Some of the criminal enterprises are so sophisticated that they look for the brightest, pay their school fee and encourage them to join law enforcement, to become lawyers that is the level of thinking that some of the criminals are doing now. They want to know the bright ones because they want them to help them with cybercrimes. The government isn’t sitting down idly and not paying attention to these things; that is what we mean when we say we have to develop our intelligence capability so that we know. We may not get specifics as to who is doing it but we can analyse general trends and then that helps us to structure our policies and of course as we strengthen our intelligence both our human intelligence, signal intelligence and other forms of intelligence gathering we get to have more specific information and we do have specific information on some of these operations.
Sometimes the statistics that you see can be disheartening and the public is always swayed particularly in this silly season which we hope will come to an end soon and that of course has an impact on what is said in the press and when you wake up in the morning how you feel about yourself and your country and it does affect mood but I want you to appreciate that the government can’t always be swayed by mood, we have to be empirical in how we operate and you will see from how we have operated that we have been very strategic and very deliberate in the things that we are doing and it has had an effect, it has had an impact. The impact that you are seeking which is we want to get our murder rate down to zero or to some number which is acceptable which is above zero which I don’t know what that number is but that impact that you’re seeking is possible but you have to keep faith and you have to search for the good news sometimes because what is presented, the good news is not always at the top of the pile, you have to dig underneath it. My job is to present to you a balanced view, present to you what are the threats, where we have failed and of course where we’ve had successes. One area, in particular, you will hear portrayed as bad news, “we’re finding less guns in the SOEs ” but if you were to stop and really analyse that statement in the first few months of the SOE when the strategical posture and operational design was in searches and the interdiction of- sorry , that person wasn’t talking to me but, in the first few months of the SOE clearly the operational posture would be to conduct more searches and yes, you would find more guns because the guns are there but after you’ve had the SOE for a period of time and you have found the guns you’re not going to find the same guns again, you’ve taken them off the street. That space is now an unsafe space for people to hide weapons so they will seek to move them. That space is not a safe space for hidden weapons because people will share information as to where those guns are. Yes, we can increase our effort and yes, we have, and you will see that we have found marginally more this time this year than we found this time last year, but it is not a statement to say that the SOE has failed because we have found less firearms.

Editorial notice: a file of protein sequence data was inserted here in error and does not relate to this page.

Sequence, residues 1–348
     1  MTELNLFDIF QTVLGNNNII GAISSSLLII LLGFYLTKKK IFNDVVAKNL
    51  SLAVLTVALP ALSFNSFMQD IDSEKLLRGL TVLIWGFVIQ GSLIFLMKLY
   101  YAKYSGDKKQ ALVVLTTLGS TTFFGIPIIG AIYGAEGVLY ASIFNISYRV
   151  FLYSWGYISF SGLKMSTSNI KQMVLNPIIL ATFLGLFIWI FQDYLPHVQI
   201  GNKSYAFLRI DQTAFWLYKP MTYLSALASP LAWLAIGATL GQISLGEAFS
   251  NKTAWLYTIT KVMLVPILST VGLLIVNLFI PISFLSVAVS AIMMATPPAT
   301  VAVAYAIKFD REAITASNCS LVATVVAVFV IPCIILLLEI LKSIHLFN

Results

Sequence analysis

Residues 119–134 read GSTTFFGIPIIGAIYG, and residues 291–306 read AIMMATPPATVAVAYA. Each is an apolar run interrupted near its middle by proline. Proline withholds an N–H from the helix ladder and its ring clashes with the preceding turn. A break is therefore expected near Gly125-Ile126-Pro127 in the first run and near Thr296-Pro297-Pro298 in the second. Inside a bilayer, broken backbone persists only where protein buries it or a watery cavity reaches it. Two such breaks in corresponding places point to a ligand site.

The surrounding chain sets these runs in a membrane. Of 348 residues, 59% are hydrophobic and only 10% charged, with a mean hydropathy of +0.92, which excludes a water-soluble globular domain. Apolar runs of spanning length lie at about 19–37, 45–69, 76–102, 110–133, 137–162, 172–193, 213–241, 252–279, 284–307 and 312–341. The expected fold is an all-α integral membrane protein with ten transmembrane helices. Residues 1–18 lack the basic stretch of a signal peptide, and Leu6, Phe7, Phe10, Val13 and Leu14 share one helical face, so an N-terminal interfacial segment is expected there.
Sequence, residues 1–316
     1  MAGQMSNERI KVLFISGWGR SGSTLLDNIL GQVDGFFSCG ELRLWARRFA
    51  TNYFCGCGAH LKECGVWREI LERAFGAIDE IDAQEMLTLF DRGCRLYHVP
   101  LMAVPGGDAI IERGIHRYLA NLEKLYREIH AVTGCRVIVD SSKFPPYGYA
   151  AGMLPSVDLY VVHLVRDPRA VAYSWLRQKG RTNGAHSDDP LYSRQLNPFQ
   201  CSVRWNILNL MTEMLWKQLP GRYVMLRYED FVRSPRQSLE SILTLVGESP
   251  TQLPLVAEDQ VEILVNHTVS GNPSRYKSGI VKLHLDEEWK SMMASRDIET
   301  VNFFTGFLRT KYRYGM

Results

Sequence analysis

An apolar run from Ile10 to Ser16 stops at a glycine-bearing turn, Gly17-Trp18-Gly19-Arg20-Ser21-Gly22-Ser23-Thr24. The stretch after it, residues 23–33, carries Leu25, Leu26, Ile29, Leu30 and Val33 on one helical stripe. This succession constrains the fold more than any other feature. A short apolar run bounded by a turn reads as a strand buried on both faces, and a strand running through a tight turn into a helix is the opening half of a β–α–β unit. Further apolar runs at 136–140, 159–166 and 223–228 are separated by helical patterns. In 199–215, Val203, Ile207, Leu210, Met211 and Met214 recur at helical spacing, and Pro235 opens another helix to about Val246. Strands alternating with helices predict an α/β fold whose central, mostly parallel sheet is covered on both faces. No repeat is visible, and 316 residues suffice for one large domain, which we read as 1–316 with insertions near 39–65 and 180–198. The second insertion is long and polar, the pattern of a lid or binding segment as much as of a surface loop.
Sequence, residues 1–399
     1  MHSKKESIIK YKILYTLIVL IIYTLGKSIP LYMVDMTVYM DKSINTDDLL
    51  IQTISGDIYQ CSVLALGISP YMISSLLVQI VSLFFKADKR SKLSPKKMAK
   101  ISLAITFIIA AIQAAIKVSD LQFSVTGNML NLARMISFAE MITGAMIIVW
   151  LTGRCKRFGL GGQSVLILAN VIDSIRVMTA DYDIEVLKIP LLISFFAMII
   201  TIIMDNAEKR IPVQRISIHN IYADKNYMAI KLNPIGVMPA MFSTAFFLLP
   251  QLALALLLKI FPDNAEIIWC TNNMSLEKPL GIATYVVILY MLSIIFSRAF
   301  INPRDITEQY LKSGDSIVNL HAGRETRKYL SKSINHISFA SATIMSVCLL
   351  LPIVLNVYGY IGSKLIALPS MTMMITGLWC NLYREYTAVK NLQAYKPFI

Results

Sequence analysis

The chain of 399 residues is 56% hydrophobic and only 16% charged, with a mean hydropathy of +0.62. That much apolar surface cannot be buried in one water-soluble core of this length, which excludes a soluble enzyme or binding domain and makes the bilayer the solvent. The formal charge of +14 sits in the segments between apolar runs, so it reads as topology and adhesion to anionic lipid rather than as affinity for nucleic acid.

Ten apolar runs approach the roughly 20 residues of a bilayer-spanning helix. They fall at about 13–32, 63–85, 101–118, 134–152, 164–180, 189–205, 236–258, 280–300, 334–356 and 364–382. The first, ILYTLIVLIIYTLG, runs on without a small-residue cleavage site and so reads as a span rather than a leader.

In fact, it is more a statement of the success of the SOE because if you keep on finding more and more guns then you would have to be wondering first of all where are they coming from and whether or not your operations have been effective in preventing guns from coming in.
Generally, the objective of the government is to bring our murder rate down to at least the regional average of homicide per hundred thousand and regionally by the last statistics that we have from the United Nations that would be around sixteen per hundred thousand. We can do it. We have a five-year strategic plan to do it. We’re one year already into that five year plan and we’ve moved our homicide rate per hundred thousand from sixty-one per hundred thousand to- last year we were at forty-seven per hundred thousand, we’re just about there now but the objective is to further bring that down and this is an objective that all Jamaicans should rally around, all Jamaicans should support that because the life that you save could very well be your own. So, in closing off on the SOE I would and since I have the media here, I want to bring you UpToDate on the situation in the Bahamas.